Peanut Plant’s “Chemical Breath” Could Give Clues to Drought and Other Stresses


Installing air sampling equipment

GTRI researchers Judy Song and Daniel Sabo install air sampling equipment used to collect volatile organic compounds from peanut plants. Analyzing the compounds could indicate when the plants are under stress, allowing farmers to adjust growing conditions. (Photo: Branden Camp, Georgia Tech)

Peanut growers could someday identify emerging threats such as drought, pests or disease by testing a plant’s “chemical breath.”

From dawn to dusk, peanut plants emit volatile organic compounds (VOCs) that vary in types and patterns depending on how they respond to various stresses. Growers typically rely on indirect monitoring methods such as soil moisture testing to assess the health of plants in their fields. But directly testing stress response could be faster more accurate and offer a wider range of diagnoses. Now scientists are working on gas-collection devices that growers could deploy in fields or on plants.

“We want to learn the best ways to detect and measure gases that could correlate to various plant conditions such as drought,” said Wayne Daley, associate division chief and principal research engineer with the Agricultural Technology Research Program at the Georgia Tech Research Institute (GTRI).

About 1.67 million acres of peanuts were harvested in the U.S. in 2017, according to the U.S. Department of Agriculture – 160,000 in Florida and 850,000 in Georgia. Peanuts are a $2.2 billion crop in Georgia, accounting for 23 percent of the state’s row and forage crop income, according to the Georgia Peanut Commission.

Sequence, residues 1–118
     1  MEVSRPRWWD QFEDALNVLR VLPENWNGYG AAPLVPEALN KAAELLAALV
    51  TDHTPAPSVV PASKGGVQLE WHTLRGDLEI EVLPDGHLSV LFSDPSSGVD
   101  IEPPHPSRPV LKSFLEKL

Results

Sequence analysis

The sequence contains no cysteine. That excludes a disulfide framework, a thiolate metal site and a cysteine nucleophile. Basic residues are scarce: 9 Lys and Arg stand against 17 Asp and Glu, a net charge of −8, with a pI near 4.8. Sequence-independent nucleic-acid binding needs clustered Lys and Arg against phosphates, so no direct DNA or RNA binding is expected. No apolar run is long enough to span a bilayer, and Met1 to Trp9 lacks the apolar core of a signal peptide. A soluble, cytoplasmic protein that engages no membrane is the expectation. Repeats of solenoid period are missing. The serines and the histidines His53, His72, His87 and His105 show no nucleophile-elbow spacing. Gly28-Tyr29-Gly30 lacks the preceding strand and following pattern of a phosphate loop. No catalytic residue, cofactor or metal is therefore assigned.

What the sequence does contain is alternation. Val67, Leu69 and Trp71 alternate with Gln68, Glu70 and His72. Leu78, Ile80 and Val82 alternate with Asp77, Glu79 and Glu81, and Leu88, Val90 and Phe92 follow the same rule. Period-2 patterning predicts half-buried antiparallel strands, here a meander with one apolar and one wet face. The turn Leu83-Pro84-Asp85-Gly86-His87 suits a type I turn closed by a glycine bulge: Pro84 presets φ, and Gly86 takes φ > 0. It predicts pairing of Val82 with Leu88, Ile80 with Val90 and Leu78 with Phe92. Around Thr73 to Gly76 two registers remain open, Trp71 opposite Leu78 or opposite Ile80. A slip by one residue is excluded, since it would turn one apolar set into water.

Daley and his co-investigators are collaborating with Diane Rowland, Barry Tillman and Alina Zare, all affiliated faculty of the University of Florida’s Center for Stress Resilient Agriculture, to identify and design collection methods for VOCs in an outdoor field site, an environmental chamber and a greenhouse in Florida. The GTRI team includes chemists Judy Song and Dan Sabo and data scientists Olga Kemenova and Milad Navaei.

“This type of advanced technology is what is critically needed for our growers to remain economically viable,” said Rowland, professor of physiology at the University of Florida. “Resource use efficiency in farming, including rapidly responding to counteract stress events such as drought, is the key not only to environmental stewardship, but also for remaining profitable under rising input costs.”

Still, detecting relevant gases in the field remains a giant challenge.

“Peanut plants release VOCs at very low concentrations that are difficult to measure,” said Daley. “We want to learn which VOCs are significant and tell us about stresses that are of interest to growers.” In a previous study, Daley and other GTRI scientists learned that VOC signatures are different among peanut plants at various degrees of drought intensity.